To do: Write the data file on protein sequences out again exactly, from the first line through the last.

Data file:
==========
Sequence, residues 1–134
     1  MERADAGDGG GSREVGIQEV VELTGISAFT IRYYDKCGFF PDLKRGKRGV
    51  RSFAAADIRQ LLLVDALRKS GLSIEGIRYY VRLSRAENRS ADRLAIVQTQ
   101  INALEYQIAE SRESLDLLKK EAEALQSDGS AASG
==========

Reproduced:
Sequence, residues 1–134
     1  MERADAGDGG GSREVGIQEV VELTGISAFT IRYYDKCGFF PDLKRGKRGV
    51  RSFAAADIRQ LLLVDALRKS GLSIEGIRYY VRLSRAENRS ADRLAIVQTQ
   101  INALEYQIAE SRESLDLLKK EAEALQSDGS AASG